This week, and weekend was actually super meh. Some of these links may be older, from my secret stash of meh. Last night, I made the mistake of forgoing a concert by the Geri Allen Quartet in favor of sushi and Coraline, both completely full. Like, the entire city of Portland was sold out. I ended up watching an anthology of Christian scare films from the ’60s. There was a pretty brutal one on “trainables,” mentally handicapped people who have enough mental reasoning to teach sex ed to. Anyway, here’s what you’ve all been waiting for:
1. The Abstainance Clown!
This Abs-clown recieved $50,000 from the Bush administration for teaching abstainance education. I know that not everybody follows up on links, but this one is worth watching. Entertaining in every respect.
2. Caleb Burnhans
Except for, like, the particulars, I really want to be this man.
EARLY this summer Caleb Burhans cleared his performance calendar for the first time since 2001, when he graduated from the Eastman School of Music in Rochester and moved to New York City. He wasn’t taking a vacation, exactly. Lincoln Center and Alarm Will Sound, a new-music orchestra in which he plays violin, had commissioned him to write a work to be performed in March as part of the reopening festivities at Alice Tully Hall, and Mr. Burhans resolved to do nothing but compose.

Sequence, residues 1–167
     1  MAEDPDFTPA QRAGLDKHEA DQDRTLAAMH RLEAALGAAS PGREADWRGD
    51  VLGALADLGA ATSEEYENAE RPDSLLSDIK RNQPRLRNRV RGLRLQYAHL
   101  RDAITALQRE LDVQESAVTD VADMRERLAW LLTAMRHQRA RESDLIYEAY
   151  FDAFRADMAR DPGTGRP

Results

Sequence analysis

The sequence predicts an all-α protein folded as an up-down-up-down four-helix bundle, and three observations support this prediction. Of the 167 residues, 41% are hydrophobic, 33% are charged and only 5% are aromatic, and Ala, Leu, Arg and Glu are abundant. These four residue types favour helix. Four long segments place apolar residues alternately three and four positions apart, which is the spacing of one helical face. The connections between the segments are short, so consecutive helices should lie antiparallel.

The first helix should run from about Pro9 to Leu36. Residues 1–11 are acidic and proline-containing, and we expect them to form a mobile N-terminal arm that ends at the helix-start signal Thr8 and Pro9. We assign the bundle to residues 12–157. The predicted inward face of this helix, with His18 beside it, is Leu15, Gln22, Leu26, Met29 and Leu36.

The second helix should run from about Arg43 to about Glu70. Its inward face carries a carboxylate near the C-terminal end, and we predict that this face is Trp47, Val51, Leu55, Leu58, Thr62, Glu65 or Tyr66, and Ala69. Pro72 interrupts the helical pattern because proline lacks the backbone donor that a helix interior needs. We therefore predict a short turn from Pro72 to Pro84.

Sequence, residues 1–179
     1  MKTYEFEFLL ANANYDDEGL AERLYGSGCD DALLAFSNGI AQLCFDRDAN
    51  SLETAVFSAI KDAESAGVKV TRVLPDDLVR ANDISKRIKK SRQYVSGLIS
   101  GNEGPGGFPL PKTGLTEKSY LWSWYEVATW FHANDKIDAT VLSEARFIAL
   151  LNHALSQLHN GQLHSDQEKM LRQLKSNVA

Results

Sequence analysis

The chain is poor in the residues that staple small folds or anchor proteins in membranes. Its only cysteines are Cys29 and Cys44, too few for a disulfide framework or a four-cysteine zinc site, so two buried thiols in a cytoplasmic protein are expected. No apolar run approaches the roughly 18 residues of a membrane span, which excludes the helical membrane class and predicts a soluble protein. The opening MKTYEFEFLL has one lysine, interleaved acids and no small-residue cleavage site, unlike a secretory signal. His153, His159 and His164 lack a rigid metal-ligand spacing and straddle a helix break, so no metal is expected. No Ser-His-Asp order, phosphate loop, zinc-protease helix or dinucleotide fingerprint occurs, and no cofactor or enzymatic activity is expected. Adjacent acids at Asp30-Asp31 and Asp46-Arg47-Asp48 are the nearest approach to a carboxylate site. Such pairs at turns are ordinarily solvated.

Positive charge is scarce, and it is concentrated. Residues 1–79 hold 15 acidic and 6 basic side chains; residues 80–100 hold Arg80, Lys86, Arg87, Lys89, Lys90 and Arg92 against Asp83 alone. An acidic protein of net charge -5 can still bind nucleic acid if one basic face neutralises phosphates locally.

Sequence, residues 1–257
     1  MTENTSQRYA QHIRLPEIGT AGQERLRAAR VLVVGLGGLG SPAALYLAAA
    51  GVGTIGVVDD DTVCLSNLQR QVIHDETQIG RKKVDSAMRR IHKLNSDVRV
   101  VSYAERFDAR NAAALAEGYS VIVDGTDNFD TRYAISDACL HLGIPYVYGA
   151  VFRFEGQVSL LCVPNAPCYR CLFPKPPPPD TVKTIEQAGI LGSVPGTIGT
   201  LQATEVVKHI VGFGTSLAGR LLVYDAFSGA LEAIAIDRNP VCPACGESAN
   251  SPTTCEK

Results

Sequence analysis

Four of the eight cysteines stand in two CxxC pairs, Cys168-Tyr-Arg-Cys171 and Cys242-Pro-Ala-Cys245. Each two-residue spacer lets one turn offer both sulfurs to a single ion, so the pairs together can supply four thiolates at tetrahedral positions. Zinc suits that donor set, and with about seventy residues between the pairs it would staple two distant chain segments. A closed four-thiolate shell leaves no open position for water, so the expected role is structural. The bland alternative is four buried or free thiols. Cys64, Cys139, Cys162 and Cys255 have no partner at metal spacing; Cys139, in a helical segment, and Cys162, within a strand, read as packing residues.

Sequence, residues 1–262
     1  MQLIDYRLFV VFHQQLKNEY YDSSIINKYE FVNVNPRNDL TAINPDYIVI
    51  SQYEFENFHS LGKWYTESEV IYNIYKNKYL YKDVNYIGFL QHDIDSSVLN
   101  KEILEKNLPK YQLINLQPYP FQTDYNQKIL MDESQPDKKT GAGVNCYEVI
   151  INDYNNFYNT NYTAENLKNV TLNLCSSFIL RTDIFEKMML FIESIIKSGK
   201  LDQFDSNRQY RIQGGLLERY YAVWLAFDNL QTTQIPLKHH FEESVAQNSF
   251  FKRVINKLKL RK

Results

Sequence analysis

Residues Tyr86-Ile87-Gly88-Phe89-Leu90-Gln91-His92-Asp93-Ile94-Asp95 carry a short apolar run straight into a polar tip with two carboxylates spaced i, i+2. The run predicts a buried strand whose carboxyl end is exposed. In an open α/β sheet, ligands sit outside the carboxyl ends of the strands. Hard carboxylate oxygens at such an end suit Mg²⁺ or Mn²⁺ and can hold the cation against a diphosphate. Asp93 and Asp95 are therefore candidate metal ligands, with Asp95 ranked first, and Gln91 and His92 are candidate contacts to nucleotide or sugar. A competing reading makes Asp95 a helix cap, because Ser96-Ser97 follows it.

Well, sort of. He set aside his weekly bread-and-butter job, singing as a countertenor in the Trinity Choir on Sunday mornings, and turned down pickup orchestra gigs.
But at the Bang on a Can Marathon in June, he played his “No,” for violin and electronics, and performed with Alarm Will Sound and another new-music group, Signal. He also performed with Signal at the Ojai Music Festival in California. And in a three-day stretch in August, in New York, he sang with two chamber choirs (also conducting one of them), played and sang in a pop theater piece and gave a concert with itsnotyouitsme, his ambient rock duo.
And when his Sept. 1 deadline arrived, the industrious Mr. Burhans not only had completed his work for Lincoln Center, “oh ye of little faith … (do you know where your children are?),” but had started two more pieces as well.
As people who know me personally know, I love Leonard Cohen’s song “Hallelujah.” This is a piece about the song by a British journalist, and is one of the better pieces of pop criticism that I have ever read. You should too.
Like I said, “meh.”